Today, Amnesty International reports Canada’s repeated failures in respecting the rights of its Indigenous peoples and their lands, despite having made a commitment to uphold the principles of the United Nations Declaration of the Rights of Indigenous Peoples (UNDRIP). For example, Indigenous peoples in Canada still face discrimination and lack access to education and healthcare. Long-term drinking water advisories remain in effect for 29 Indigenous communities. And the Canadian federal government continues to support the construction of the Trans Mountain Pipeline Expansion Project on Indigenous land, despite the denial of consent by the Tsleil-Waututh Nation.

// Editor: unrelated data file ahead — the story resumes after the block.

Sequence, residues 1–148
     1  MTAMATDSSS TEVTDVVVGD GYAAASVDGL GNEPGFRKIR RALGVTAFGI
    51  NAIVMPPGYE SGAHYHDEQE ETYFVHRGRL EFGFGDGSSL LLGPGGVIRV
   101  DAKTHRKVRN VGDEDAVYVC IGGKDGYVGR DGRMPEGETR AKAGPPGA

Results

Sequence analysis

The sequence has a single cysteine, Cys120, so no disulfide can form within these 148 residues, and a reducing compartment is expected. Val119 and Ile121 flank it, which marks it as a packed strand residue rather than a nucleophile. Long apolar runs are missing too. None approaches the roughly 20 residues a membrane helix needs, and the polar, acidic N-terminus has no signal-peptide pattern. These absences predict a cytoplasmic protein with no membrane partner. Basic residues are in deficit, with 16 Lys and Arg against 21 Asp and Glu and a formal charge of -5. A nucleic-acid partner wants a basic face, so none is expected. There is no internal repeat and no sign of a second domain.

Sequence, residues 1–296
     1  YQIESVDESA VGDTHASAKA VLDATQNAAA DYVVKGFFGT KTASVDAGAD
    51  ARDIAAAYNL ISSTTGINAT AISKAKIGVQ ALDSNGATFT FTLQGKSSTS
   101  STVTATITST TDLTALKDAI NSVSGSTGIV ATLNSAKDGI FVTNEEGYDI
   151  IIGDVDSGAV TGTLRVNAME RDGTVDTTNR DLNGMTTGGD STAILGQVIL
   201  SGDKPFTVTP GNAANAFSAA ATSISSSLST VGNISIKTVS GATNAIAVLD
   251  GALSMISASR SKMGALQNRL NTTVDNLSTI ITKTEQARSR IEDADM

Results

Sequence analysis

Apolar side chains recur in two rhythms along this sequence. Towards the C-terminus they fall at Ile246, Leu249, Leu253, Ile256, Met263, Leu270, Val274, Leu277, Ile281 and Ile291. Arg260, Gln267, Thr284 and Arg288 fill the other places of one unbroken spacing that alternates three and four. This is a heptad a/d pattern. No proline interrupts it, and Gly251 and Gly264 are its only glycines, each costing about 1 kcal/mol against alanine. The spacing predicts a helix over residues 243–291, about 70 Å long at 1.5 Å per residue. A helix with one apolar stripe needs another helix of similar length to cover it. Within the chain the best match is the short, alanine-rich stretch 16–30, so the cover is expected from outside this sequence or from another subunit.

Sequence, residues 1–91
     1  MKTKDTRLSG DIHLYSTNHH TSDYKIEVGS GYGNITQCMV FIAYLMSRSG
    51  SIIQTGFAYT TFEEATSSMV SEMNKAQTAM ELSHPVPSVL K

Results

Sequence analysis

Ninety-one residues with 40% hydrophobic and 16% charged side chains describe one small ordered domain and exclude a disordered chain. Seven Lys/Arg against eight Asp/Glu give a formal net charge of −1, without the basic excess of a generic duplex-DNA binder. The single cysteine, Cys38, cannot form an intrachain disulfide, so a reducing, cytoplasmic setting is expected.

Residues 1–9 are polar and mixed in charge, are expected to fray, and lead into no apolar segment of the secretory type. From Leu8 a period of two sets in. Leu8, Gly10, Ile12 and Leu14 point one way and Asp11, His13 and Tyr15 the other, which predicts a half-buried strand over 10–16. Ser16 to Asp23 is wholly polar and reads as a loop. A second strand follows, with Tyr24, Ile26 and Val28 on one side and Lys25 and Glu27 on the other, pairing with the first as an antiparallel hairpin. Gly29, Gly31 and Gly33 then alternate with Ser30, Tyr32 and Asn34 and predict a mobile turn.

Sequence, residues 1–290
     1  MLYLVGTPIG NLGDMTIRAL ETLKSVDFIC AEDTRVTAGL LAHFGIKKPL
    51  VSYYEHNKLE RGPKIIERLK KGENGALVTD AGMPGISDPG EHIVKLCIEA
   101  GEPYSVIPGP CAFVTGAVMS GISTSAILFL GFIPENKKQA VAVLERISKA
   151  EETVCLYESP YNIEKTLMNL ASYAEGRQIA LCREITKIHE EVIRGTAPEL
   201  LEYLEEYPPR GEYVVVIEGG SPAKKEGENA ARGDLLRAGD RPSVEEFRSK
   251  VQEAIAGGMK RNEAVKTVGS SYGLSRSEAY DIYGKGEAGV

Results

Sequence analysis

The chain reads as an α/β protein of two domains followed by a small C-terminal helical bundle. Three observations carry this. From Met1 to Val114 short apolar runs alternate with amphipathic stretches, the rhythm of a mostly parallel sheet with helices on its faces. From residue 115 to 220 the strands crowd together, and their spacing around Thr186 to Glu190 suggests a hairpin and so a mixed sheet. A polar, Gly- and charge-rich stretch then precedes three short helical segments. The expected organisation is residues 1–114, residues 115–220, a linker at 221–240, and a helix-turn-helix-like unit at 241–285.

Indigenous Agency in Canada and the World

Small Numbers, Big Statistics. Although they make up only 5% of the world’s population, Indigenous peoples protect 80% of its biodiversity and speak more than half of the 7,000 languages around the world. 

Linguistic Influence. Canada got its name from a Huron-Iroquois word. In 1535, Jacques Cartier crossed paths with two Indigenous youths, who told him of the route to their village, or their kanata. Adapted from its original form, “Canada” went on to become the official name of the nation on July 1, 1867. 

Early Societies with Advanced Knowledge. Contrary to what is frequently taught in Canadian school curricula, Indigenous peoples in North America had knowledge of science, health, math, and land systems well before the arrival of European immigrants. This knowledge was not “introduced” to them; it had been used successfully to maintain their livelihood for thousands of years prior.  

Brave Soldiers of the Land. Approximately 7,000 people of Indigenous status volunteered to fight in the Canadian military during both World Wars, many receiving medals for their heroism and bravery. The reason cited for joining by many of these volunteers was to protect the land.